The SPLC devotes a phenomenal amount of effort to chronicling “hate” across the country. Its quarterly “Intelligence Report,” a beautifully-produced glossy magazine about hate groups, is mailed out by the hundreds of thousands. It writes long profiles of hate figures documenting their every bigoted utterance, and keeps tabs on hate groups through its signature “Hate Map.”
There has long been controversy over the SPLC’s “hate watch” activities. Conservatives are constantly complaining that they have been unfairly labeled racists, with mainstream conservative organizations like the Family Research Council landing themselves on the SPLC list. When Maajid Nawaz, a controversial critic of Islamism, was labeled an anti-Muslim extremist by the SPLC, he sued and received a $3 million settlement, plus an apology. One problem here is that the definition of “hate” is very unclear. It supposedly means having “beliefs or practices that attack or malign an entire class of people,” but in that case I’m a member of a hate group myself, since I despise bourgeois liberals. The SPLC includes “black nationalism” on its list of hate categories, which means that every time it reports the number of hate groups in America it is including the “New Black Panther Party” (and doing precisely what FOX News did in its own disgraceful reporting on the supposed threat posed by roving gangs of New Black Panthers).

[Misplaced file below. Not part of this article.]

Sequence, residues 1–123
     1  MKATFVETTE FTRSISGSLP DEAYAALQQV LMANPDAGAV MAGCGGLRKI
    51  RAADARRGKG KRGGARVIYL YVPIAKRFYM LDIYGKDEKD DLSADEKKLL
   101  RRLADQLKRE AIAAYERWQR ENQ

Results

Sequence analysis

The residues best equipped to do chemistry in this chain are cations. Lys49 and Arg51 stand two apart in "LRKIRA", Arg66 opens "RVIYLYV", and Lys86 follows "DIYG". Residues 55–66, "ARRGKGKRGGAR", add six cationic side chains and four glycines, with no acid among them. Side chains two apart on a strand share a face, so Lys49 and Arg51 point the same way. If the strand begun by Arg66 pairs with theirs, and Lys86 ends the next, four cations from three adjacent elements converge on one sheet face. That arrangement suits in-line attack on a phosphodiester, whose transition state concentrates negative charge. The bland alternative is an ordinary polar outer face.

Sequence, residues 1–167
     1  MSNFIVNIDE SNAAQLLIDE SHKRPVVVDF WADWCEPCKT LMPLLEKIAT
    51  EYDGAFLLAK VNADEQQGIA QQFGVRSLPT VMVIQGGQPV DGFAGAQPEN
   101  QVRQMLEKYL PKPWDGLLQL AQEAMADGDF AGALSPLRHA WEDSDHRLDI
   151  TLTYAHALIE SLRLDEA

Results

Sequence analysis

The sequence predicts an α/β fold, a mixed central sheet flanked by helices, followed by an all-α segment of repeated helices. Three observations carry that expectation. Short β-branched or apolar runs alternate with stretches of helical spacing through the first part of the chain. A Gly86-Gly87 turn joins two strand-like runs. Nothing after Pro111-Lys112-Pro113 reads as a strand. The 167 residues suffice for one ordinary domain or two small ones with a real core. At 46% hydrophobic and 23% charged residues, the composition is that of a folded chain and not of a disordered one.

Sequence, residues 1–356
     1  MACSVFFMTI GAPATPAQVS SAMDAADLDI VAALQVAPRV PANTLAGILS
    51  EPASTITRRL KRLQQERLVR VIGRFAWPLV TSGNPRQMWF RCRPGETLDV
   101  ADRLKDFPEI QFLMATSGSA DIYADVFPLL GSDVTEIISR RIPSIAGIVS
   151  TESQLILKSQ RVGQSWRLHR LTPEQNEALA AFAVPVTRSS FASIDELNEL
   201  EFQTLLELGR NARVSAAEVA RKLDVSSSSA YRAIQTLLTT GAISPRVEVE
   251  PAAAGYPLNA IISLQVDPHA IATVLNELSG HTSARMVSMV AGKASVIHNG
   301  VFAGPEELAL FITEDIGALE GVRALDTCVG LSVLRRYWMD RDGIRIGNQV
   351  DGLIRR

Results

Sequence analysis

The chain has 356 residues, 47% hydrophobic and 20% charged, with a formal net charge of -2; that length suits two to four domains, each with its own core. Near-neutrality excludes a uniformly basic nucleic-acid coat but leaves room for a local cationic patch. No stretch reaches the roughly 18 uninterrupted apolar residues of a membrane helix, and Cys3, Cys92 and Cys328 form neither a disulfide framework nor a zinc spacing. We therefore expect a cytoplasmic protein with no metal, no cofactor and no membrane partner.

The biggest problem with the hate map, though, is that it’s an outright fraud. I don’t use that term casually. I mean, the whole thing is a willful deception designed to scare older liberals into writing checks to the SPLC. The SPLC reported this year that the number of hate groups in the country is at a “record high,” that it is the “fourth straight year” of hate group growth, and that this growth coincides with Donald Trump’s rise to power. There are now a whopping 1,020 hate groups around the country. America is teeming with hate.

ibid